Poets bring words to life
GIFTED performance poet Candy Royalle portrayed her family's traumatic war experiences and showed the power of the art form.
In the weekend's 10th annual Nimbin Performance Poetry World Cup Ms Royalle, 31, explored religious persecution experienced by her Lebanese father and his journey to Australia as a refugee.
"(The poem) is about how war and religion and all these things push us into spaces that we might love but will never be our real homeland," she said.
"There's a lot of rhetoric about refugees and right- eous wars but I'm just trying to put a face to that and hopefully it makes people think about it more and creates more dialogue about it."
Ms Royalle, who regularly performs poetry in Australia and overseas said the Nimbin poetry competition attracted top-notch artists.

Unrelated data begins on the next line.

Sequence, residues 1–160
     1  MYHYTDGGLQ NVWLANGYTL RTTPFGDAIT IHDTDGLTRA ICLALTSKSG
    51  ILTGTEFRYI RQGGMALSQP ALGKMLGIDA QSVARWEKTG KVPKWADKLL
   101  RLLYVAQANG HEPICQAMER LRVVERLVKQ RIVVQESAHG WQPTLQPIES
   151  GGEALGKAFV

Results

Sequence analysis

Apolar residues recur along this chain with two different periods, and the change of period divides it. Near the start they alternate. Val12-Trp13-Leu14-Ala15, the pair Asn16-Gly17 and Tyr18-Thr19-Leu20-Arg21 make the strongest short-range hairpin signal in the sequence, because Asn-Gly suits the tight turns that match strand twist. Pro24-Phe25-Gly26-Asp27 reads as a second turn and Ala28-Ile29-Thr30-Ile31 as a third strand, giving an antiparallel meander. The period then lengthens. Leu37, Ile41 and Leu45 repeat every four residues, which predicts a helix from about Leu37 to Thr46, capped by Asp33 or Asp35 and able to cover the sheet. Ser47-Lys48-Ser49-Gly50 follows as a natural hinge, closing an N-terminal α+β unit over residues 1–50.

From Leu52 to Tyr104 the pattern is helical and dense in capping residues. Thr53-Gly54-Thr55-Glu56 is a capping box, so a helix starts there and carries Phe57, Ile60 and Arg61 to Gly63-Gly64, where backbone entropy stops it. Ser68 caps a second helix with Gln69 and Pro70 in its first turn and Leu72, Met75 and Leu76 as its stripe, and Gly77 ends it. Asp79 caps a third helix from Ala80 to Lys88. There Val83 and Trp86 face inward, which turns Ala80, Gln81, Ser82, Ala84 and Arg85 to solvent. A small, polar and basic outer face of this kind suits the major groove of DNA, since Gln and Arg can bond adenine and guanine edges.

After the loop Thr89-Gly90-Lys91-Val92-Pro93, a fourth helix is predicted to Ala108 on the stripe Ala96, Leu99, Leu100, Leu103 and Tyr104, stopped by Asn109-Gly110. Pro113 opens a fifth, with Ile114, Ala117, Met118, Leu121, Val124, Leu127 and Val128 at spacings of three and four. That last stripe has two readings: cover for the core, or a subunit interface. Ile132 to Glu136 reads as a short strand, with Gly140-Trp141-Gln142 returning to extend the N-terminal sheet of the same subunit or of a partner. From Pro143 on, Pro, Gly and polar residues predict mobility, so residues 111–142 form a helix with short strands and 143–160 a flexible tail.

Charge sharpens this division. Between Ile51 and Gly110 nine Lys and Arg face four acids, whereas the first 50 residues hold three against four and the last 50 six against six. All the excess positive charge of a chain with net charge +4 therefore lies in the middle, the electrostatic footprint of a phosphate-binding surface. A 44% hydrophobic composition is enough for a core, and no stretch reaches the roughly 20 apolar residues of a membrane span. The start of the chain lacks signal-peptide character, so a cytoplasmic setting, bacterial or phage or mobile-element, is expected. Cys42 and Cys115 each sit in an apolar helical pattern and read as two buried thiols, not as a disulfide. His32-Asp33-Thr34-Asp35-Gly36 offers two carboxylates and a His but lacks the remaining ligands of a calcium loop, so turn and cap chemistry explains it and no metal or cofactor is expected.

"Some of the best performance poets in the country are here," she said.
"It's not about winning the cup; I want to show my fellow poets that I'm of the same calibre."
Each of 46 poets was given eight minutes to entrance the audience with their tale.
"The closer they are to the eight minutes, the more points they get," competition co-ordinator Gail Clarke said.
"Then they're judged on how much the audience is engaged by them."
She said performance poetry was often much more powerful than written.
"When you're reading something it can be quite bland and flat, whereas watching the person who has written the piece do it can be quite amazing."
Prizes included $2000 and a cup for the overall winner, $500 for the people's choice award and $300 for the runner-up.